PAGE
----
Brexit problems fuel more direct cargo shipping from Ireland to Europe
MORE businesses are opting to bypass British ports and directly ship goods between the Irish port of Dublin and continental Europe, a development triggered by mounting fears over the fallout from a disorderly Brexit, according to a report by local media RTE
MORE businesses are opting to bypass British ports and directly ship goods between the Irish port of Dublin and continental Europe, a development triggered by mounting fears over the fallout from a disorderly Brexit, according to a report by local media RTE.
It quoted local port authorities as saying that currently two-and-a-half times more goods are transported to Europe via direct routes from Dublin, rather than across the UK landbridge, and that number is expected to rise, Xinhua reported. The UK landbridge refers to Britain as a 'bridge' linking Ireland and the European mainland over the sea.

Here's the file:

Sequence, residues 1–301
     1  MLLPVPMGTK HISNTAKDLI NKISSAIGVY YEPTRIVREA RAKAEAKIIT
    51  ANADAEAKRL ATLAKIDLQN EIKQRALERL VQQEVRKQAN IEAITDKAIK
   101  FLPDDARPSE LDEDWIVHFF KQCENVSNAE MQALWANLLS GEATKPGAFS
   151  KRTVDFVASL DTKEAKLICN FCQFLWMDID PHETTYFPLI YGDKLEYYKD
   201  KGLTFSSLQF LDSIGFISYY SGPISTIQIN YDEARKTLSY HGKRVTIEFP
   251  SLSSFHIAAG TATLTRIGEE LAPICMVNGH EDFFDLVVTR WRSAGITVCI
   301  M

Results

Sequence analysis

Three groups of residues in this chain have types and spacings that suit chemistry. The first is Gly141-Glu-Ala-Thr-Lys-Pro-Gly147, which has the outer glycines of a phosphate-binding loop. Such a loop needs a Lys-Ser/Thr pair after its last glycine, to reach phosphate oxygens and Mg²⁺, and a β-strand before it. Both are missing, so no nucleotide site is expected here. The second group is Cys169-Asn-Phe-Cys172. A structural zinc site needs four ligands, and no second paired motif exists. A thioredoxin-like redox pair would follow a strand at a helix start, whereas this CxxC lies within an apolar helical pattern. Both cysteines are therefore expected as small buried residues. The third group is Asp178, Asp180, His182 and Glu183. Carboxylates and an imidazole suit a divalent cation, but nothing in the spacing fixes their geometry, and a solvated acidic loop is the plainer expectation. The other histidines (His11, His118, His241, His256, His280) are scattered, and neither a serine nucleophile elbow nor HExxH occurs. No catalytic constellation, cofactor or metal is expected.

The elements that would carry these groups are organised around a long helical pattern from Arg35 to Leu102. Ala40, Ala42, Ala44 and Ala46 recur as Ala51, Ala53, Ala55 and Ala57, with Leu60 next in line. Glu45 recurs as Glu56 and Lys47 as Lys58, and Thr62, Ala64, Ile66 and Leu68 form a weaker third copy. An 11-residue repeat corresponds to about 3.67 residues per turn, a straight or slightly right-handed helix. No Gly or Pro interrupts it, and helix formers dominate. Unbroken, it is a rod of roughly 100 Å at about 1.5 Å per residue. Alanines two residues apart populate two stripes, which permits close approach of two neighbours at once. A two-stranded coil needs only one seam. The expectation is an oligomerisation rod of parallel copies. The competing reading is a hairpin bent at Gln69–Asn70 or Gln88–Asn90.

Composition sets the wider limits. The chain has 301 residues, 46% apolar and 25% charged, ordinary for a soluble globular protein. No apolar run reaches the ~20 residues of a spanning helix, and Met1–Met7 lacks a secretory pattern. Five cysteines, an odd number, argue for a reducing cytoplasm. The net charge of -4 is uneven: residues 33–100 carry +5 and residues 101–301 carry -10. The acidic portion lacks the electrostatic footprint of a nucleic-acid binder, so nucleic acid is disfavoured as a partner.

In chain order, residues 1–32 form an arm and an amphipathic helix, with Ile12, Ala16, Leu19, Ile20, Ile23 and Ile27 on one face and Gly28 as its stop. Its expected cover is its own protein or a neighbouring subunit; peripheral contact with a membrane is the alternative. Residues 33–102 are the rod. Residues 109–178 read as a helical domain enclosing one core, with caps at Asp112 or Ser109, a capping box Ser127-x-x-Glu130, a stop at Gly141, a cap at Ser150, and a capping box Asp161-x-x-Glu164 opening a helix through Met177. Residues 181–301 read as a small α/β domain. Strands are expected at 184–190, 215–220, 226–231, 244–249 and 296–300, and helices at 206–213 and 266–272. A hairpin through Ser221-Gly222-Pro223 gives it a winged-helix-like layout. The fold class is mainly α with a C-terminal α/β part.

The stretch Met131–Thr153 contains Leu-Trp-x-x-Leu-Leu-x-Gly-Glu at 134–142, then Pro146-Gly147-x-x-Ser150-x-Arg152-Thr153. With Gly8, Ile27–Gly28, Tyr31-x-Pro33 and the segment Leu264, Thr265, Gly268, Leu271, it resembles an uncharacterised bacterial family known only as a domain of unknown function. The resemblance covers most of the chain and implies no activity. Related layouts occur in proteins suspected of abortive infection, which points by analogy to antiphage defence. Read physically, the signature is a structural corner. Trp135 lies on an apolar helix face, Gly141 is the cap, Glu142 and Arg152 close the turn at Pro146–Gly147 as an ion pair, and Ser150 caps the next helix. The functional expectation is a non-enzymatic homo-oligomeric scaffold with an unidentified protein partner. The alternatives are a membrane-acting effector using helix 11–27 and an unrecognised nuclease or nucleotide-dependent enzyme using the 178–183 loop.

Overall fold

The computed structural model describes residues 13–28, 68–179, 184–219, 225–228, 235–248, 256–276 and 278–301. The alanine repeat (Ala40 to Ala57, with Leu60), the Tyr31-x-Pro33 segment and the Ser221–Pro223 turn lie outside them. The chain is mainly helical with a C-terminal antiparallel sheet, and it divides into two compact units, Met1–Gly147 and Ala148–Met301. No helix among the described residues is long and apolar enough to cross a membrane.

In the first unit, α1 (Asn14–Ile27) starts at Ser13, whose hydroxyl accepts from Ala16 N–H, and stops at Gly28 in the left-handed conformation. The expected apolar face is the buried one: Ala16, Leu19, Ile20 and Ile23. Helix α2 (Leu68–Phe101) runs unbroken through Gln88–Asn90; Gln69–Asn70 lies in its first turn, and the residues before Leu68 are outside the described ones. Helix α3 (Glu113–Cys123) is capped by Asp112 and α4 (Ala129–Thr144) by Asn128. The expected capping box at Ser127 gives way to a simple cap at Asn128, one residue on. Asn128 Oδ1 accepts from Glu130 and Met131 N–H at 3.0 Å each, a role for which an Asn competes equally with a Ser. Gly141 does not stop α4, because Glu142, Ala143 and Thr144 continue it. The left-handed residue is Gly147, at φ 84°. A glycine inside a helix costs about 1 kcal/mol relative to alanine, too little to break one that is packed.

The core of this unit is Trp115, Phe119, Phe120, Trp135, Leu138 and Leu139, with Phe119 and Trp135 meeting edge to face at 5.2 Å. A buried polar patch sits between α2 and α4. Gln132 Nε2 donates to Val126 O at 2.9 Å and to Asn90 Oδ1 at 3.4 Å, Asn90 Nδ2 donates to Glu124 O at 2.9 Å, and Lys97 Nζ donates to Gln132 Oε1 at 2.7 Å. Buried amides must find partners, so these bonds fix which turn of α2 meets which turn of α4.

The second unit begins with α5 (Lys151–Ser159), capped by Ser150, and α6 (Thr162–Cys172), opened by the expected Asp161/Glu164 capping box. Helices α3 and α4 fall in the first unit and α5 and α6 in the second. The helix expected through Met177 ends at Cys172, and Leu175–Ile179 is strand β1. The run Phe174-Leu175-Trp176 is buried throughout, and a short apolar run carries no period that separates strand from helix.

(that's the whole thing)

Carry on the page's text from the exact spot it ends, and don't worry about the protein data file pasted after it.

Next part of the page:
An estimated 150,000 Irish trucks and three million tonnes of goods travel through Britain for export to the European Union each year, according to RTE.
'We're starting to see alternatives developing - over the landbridge as people grow concerned about the issue,' the report quoted Dublin port CEO Eamonn O'Reilly as saying.
'The growth in Dublin port has been phenomenal. Over the last six years alone we've seen 36 per cent growth and we anticipate that demand for direct services between Dublin port and continental Europe will increase further after Brexit,' said Mr O'Reilly.
Dublin port is the busiest seaport in Ireland, which handles two-thirds of the country's port traffic annually.
The port announced that CLdN, a Luxembourg-based short-sea roll-on/roll-off (ro/ro) shipping company, has added its newly built ship 'MV Laureline' to its direct ro/ro freight service from Dublin port to the ports of Zeebrugge in Belgium and Rotterdam in the Netherlands.
The decision by CLdN is a vote of confidence in Irish ports amid the Brexit chaos, said Mr O'Reilly.